No Paint Necessary
Have you ever been to a museum where you could see jewelry, pottery and fabric the Indians made? Have you ever wondered how they were able to make such bright and colorful things? Where did they get their paint? How did they dye the fabric? Did they even have paint or dye?
Yes, they did, but not the kind of paint and dye we use. Before the paints we are used to were invented, people used plants to make dyes and paints.
Just about anything could be used to dye fabric, shells and bones for clothes and jewelry. People also used these dyes to paint pictures and pottery.
We can use plants to make our own dyes and paints the same way people did many years ago. It is not hard to do and it is possible to make any color in the rainbow.
Let’s see how many colors we can make.
THINGS YOU NEED
- Two or three pans that will hold 1 to 2 quarts of water
- An adult to help you
- Plants-choose three to five of the following: spinach, blueberries, marigolds, raspberries, coffee or tea grounds, beets, dandelion heads, carrots, lilac flowers, red cabbage, sunflowers
- Coffee cups
- Large tea strainer
- White cotton fabric or natural colored muslin
- Small artist paint brush
- Apron or paint shirt
- Rubber gloves
- Outdoor clothes line OR plastic hanger and large towel
HERE IS WHAT YOU DO
- Gather the plants you want to use to make your dyes.
- Fill each pan ¾ full of water.
- Use the stove to bring the water in your pans to a boil. NOTE: Be sure to have adult supervision.
- Add approx. 1 cup of whatever plant you are using to the water. NOTE: You can add more or less of a plant to the water to make the color darker or lighter.
- Reduce the heat and let the dye simmer for about an hour.
- Turn the stove off and let the dye cool until the water is warm, but not hot.
- Put an apron or paint shirt on to make sure you don’t stain your clothing.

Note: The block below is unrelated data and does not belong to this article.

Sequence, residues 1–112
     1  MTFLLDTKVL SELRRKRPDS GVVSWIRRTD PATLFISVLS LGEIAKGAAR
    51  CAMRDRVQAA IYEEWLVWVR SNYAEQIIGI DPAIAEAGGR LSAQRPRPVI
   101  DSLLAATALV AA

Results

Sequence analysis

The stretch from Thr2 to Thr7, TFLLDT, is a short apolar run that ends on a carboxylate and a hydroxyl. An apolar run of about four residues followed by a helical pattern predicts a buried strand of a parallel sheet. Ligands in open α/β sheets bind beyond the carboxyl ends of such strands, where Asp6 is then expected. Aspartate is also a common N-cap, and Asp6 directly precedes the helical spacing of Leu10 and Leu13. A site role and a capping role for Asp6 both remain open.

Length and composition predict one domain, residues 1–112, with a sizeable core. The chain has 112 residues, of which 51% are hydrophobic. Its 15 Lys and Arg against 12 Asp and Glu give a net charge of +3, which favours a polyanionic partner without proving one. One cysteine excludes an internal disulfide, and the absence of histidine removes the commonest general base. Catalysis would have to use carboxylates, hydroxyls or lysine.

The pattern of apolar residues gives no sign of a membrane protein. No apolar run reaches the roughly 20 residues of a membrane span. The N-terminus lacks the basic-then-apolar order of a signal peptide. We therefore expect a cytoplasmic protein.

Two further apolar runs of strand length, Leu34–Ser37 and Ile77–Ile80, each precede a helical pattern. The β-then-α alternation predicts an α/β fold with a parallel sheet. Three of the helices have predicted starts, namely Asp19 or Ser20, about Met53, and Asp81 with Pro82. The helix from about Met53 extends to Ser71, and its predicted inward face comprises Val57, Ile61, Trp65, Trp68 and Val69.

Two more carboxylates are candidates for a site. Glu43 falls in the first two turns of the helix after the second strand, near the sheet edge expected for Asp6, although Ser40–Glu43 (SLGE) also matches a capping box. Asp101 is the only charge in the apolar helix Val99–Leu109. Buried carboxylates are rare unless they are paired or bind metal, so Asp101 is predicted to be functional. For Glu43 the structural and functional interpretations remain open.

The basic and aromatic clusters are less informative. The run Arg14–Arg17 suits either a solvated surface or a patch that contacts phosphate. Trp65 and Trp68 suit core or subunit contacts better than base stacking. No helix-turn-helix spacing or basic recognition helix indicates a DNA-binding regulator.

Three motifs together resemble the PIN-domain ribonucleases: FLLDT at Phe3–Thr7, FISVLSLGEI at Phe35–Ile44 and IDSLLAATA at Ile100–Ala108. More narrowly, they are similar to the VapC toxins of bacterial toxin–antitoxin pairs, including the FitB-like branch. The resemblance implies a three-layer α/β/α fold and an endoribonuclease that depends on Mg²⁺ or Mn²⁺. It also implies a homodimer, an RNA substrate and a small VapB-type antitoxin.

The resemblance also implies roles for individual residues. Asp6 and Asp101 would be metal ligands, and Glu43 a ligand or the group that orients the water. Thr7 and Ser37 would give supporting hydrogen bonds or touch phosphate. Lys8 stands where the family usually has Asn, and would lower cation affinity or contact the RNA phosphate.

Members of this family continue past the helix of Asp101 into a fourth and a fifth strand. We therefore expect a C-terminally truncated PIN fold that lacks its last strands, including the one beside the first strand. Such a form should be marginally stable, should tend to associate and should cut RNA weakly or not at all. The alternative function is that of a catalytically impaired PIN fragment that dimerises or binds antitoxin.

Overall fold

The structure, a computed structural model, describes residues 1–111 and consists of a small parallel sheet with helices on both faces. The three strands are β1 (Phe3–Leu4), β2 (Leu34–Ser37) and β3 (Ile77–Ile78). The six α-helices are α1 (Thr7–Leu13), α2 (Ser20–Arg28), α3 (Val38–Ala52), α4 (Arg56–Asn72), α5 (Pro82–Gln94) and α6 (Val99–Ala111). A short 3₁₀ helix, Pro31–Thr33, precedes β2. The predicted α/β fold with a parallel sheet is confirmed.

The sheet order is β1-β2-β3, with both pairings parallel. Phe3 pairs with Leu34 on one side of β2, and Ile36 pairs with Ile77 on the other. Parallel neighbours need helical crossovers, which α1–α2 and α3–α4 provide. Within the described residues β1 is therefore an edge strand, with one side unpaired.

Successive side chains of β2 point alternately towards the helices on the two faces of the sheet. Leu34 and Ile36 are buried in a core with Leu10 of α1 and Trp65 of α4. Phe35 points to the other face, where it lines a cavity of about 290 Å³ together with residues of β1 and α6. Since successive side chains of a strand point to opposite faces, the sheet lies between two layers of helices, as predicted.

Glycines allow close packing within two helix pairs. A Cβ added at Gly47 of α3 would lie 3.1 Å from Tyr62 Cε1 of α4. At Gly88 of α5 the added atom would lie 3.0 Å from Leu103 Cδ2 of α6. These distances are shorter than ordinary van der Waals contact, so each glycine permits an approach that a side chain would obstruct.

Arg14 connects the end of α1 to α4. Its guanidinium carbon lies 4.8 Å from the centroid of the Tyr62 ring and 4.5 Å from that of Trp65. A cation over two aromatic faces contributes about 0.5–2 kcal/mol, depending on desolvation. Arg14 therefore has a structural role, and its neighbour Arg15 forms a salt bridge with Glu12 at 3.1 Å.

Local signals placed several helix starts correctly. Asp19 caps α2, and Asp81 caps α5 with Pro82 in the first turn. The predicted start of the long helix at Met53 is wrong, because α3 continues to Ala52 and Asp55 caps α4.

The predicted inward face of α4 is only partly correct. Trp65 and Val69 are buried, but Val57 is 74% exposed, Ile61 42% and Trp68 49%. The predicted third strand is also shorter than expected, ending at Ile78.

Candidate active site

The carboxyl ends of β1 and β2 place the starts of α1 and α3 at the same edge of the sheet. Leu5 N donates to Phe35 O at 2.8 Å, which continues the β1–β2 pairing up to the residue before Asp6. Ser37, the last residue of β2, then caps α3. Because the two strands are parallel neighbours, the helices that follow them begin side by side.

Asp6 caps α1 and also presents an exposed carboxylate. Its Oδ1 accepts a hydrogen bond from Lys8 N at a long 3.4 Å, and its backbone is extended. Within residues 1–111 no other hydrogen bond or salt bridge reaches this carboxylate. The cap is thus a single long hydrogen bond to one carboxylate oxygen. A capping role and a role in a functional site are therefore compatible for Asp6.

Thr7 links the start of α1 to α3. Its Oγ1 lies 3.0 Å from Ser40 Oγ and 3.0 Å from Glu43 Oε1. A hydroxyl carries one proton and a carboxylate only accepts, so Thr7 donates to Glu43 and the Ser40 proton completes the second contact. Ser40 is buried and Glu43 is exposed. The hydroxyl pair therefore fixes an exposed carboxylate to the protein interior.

- Carefully pour the dye through a tea strainer into a coffee cup or small bowl.
Wipe up any spills.
- Repeat this process with more plants if you want more colors of dye.
- Cut your fabric into strips or small squares.
- Place strips or squares of fabric in the different cups of dye. Make sure the fabric is completely covered.
- Leave the fabric in the dye at least 4 hours.
- Using rubber gloves, remove the fabric from the dye and squeeze the fabric so it is not dripping.
- Drape the fabric strips over a hanger or hang on a clothesline outside. If you cut the fabric in squares, clip them to a hanger using clothespins.
- If you use a hanger, place the hanger on the shower rod in the bathroom and place a towel under it to catch any drips.
- When the dyed fabric is completely dry, rinse in COLD water and let dry again.
- Use your fabric strips to make a braided headband or bracelet. Sew fabric squares together to make a wall hanging.
WHAT JUST HAPPENED
Heat from the stove pulls the color (which is called pigment) out of the plant. The color mixes with the water to make the dye.
The threads in the cotton fabric are soft and porous. This means they are ‘thirsty’ and soak up any liquid they come in contact with. This means the dye will soak into the cotton quickly and easily.
The cold water rinses any dye away that did not completely soak into the cotton thread. The cold water also sets the dye that did soak in well.
TRY THIS TOO
- Use the paint brush to paint pictures on paper or to dye paper a different color.
- Dip the strips of fabric in different dyes to make a rainbow or to mix colors.
- Try this experiment using different types of fabric.
- Use water at room temperature. How much longer does it take for the water and pigment to mix? Does this work with all the plants you are using?
- Use the dye on twine or white yarn to make colored string for necklaces or bracelets.
- Add some cornstarch to the dye to make thicker paint. NOTE: Not too much—just a little at a time.
WHAT YOU LEARNED BY DOING THIS EXPERIMENT
- Plants are safe and natural ways to dye fabric and make paint.
- Some plants make a different color dye than you think they will. Example: Lilac flowers make green dye.
- The longer the fabric rests in the dye, the darker the color.
- You can create most any color using plants.